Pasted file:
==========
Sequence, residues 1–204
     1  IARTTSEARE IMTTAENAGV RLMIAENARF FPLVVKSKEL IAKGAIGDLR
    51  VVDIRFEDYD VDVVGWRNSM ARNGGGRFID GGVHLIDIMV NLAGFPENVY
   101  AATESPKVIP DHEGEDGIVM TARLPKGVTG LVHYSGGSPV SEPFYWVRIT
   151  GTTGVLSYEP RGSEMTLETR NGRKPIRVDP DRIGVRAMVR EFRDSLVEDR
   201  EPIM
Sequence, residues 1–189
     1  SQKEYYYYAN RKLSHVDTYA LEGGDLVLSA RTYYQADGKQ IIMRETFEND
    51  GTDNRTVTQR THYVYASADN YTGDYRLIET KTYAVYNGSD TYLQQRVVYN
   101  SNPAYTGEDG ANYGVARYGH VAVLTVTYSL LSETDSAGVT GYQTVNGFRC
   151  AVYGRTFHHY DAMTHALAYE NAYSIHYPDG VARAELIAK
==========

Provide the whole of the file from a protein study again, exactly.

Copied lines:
Sequence, residues 1–204
     1  IARTTSEARE IMTTAENAGV RLMIAENARF FPLVVKSKEL IAKGAIGDLR
    51  VVDIRFEDYD VDVVGWRNSM ARNGGGRFID GGVHLIDIMV NLAGFPENVY
   101  AATESPKVIP DHEGEDGIVM TARLPKGVTG LVHYSGGSPV SEPFYWVRIT
   151  GTTGVLSYEP RGSEMTLETR NGRKPIRVDP DRIGVRAMVR EFRDSLVEDR
   201  EPIM
Sequence, residues 1–189
     1  SQKEYYYYAN RKLSHVDTYA LEGGDLVLSA RTYYQADGKQ IIMRETFEND
    51  GTDNRTVTQR THYVYASADN YTGDYRLIET KTYAVYNGSD TYLQQRVVYN
   101  SNPAYTGEDG ANYGVARYGH VAVLTVTYSL LSETDSAGVT GYQTVNGFRC
   151  AVYGRTFHHY DAMTHALAYE NAYSIHYPDG VARAELIAK